The point my hon. Friend made is, what of the case which starts with more than 10 per cent. and perhaps by a rights issue the United Kingdom shareholding company share is reduced and is not able to take up a share below 10 per cent.? The argument always advanced against this by our predecessors, and one which does seem to me to have a good deal of force in it, is that if one were to take the test, whether it be £1 million, as my hon. Friend mentioned, or £250,000 as he has also mentioned, inevitably one is drawing a distinction between a big company to the disadvantage of a small company. If one is going to allow a big company with less than 10 per cent. holding relief for underlying tax, the small company might even have a bigger share of the equity than a large company, and would be denied it.

Inevitably one would be creating new anomalies, anomalies, perhaps, different from the sort which exist already under the 10 per cent. rule, but, at the same time, it would be even more difficult to defend—for instance in the case which my hon. Friend mentioned of a rights issue which a United Kingdom shareholding company does not take up. It is not immediately obvious that it would be easier for a small company to take up a rights issue in an overseas company than it is for a big company. Indeed, many people might think that the opposite is the case. By putting in an absolute amount, £1 million or what have you, we would be emphasising the advantage which a big company would already have to the detriment of the small company. Therefore I have been convinced by the arguments that it would be wrong to depart from the usual test which I think is almost universally applied in double taxation conventions throughout the world, the distinction between direct and portfolio investment, namely, by reference to the voting control.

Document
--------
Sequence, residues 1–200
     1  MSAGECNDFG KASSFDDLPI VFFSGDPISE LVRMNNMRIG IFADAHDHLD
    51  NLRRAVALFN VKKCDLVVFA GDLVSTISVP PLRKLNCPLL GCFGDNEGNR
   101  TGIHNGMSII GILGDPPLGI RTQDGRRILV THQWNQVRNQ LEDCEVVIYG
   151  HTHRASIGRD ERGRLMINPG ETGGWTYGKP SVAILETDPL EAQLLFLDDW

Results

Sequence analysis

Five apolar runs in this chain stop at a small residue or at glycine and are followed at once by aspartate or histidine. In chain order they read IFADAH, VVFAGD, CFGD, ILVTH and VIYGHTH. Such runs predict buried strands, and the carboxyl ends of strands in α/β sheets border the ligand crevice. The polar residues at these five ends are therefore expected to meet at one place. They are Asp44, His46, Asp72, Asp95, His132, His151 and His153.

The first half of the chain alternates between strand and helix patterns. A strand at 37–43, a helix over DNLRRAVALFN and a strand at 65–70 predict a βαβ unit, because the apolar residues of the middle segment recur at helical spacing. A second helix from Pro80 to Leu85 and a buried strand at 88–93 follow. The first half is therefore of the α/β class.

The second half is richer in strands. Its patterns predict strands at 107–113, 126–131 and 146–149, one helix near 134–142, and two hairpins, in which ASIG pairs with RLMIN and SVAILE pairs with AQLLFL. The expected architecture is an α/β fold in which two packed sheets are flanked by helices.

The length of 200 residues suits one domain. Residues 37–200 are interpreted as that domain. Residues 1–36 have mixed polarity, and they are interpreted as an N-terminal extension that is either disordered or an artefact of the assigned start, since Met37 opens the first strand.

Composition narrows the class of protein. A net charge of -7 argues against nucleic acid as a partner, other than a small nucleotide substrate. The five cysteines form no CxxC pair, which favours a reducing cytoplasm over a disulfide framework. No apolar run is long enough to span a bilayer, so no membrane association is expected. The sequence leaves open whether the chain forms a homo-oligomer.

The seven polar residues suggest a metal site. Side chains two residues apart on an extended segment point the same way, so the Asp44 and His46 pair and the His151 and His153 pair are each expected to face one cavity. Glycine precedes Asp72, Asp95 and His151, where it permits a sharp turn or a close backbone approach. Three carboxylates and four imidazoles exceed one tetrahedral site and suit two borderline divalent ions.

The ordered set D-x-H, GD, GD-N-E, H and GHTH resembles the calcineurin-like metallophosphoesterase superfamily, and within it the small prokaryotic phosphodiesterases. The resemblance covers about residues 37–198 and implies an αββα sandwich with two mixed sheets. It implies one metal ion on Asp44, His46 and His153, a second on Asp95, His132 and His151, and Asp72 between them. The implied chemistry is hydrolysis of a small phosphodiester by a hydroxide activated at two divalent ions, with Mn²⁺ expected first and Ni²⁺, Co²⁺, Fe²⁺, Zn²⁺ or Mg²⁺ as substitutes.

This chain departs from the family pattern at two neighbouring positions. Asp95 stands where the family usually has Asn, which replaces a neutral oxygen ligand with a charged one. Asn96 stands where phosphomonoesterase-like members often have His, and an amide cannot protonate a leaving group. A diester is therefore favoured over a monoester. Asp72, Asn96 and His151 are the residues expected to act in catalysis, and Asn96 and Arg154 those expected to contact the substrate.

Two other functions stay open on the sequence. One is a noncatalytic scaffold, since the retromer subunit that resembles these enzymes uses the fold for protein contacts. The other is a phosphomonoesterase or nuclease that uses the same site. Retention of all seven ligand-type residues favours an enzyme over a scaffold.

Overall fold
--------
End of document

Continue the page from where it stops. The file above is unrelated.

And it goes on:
As I indicated earlier, we are refining this and making statutory extra statutory concessions with the definition of voting control. We are now making the 10 per cent. rule universal, and I think this is right.

These are matters which will fall to be considered in the light of Corporation tax reform. I should not like anyone to think that the changes foreshadowed in the Green Paper are likely to lead to any significant changes in taxation of portfolio investment. It would be wrong to leave the House with any such impression.

I hope that, in the circumstances, my hon. Friend will think it right not to press his Amendment.

Question put and agreed to.

Clause read a Second time, and added to the Bill.